Precision 3D printed implants in the scan-to-surgery process can halve recovery time for patients

In 2019, it has been estimated that 600,000 implants were produced with 3D printing

Demand-driven by an aging population, joints wearing out with sports, bone loss with trauma, and medical conditions, it is no wonder the requirement for implants is projected to grow to four million by 2027.

Additive manufacturing has been used since the 1990s to customise patient-specific implants. This technique makes surgeries easier with 3D printed surgical guides and also leads to better healing outcomes for the patient. Osseointegration is the medical term for the direct structural and functional connection between living bone and the surface of a load-bearing implant. Because titanium alloy is around three to four times stiffer than bones, biomechanical engineers must tailor the size and shape of the implant’s lattice structure to adjust the pliability of the implant to be closer to the bone’s stiffness. Research has shown the rough texture of lattice structures in implants (that can only be made with 3D printing) promotes osseointegration and facilitates soft tissue and bone regrowth. Metal implants are 3D printed using powder bed fusion technology, including direct metal laser melting, with titanium, cobalt-chromium alloys, and stainless steel being the most suitable materials due to their excellent corrosion resistance, mechanical strength, and no cytotoxicity properties.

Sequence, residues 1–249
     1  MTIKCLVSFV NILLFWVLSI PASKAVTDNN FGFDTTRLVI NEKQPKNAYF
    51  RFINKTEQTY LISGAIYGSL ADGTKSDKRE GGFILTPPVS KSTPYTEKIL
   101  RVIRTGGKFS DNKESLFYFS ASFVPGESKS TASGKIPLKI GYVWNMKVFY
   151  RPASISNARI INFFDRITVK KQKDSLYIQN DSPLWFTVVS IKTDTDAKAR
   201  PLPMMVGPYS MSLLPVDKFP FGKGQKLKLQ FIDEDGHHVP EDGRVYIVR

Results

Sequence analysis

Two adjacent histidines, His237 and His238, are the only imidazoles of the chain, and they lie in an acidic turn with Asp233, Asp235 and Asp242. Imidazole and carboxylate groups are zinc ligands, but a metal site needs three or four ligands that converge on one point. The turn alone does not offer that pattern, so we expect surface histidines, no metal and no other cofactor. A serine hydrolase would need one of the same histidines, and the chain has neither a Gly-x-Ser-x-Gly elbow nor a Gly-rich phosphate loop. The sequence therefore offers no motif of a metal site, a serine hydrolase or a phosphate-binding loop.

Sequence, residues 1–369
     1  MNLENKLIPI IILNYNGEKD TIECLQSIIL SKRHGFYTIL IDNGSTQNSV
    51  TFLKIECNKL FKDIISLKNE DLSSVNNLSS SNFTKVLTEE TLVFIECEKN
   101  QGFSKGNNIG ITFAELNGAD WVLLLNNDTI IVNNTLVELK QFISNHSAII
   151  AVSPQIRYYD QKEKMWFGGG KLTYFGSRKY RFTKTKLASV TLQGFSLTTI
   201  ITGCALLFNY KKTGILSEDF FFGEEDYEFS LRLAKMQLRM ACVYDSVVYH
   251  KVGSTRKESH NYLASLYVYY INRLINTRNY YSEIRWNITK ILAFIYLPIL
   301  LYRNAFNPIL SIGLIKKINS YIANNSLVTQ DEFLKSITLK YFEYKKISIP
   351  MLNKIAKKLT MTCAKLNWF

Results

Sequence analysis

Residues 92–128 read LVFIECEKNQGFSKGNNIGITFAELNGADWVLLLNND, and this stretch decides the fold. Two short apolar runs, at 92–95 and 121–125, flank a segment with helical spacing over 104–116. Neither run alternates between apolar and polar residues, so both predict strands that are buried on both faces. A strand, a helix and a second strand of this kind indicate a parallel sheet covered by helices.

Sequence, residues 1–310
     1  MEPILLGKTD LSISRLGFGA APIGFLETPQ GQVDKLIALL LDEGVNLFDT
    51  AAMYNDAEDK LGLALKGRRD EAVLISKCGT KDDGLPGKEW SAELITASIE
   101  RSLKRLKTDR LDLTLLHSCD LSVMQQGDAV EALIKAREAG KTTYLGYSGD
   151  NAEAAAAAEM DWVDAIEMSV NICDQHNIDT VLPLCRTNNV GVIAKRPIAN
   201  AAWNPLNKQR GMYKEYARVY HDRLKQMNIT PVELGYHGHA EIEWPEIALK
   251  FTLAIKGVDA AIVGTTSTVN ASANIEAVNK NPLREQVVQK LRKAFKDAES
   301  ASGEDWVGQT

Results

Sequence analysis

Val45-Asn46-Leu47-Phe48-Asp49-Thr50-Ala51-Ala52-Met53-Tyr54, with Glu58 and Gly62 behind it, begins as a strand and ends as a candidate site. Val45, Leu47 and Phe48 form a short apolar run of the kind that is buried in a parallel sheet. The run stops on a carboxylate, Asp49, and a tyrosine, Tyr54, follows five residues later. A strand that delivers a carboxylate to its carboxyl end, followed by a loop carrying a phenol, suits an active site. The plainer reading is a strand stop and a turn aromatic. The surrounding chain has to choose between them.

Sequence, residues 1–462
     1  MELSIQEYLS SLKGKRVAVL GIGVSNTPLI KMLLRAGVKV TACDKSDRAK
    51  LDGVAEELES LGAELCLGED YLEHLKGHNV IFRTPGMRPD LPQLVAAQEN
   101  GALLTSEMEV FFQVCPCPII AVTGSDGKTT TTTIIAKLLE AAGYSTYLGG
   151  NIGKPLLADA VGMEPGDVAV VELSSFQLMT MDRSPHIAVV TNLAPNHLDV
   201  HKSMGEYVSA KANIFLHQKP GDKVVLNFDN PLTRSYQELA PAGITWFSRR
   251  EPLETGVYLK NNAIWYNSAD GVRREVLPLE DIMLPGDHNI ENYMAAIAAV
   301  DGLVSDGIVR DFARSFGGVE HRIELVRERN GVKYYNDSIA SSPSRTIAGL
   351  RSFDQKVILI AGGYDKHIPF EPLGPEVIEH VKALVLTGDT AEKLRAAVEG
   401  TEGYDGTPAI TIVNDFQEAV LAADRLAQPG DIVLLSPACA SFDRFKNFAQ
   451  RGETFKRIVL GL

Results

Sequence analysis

With advancements in technology that uses artificial intelligence to segment a patient’s radiological scan to create the computer-aided design as the precise input for the 3D printing process, surgeons are equipped with 3D visualisation tools for explaining the surgical procedures to patients, enabling more informed decision-making and peace of mind. AI-powered technology can also segment the spinal vertebrae within minutes with an accuracy rate of 95% to design custom implants. Previous segmentation methods required thousands of hours of manual identification and markups to hundreds of computerised tomography (CT) scans.

The final approved design is sent through to Additive Engineering for manufacturing. The file is checked to be suitable for 3D printing. The as-printed part is heat-treated, surface roughness and measurements checked, sterilised and sealed in tamper-resistant packaging, and sent to the surgeon within days for use in surgery.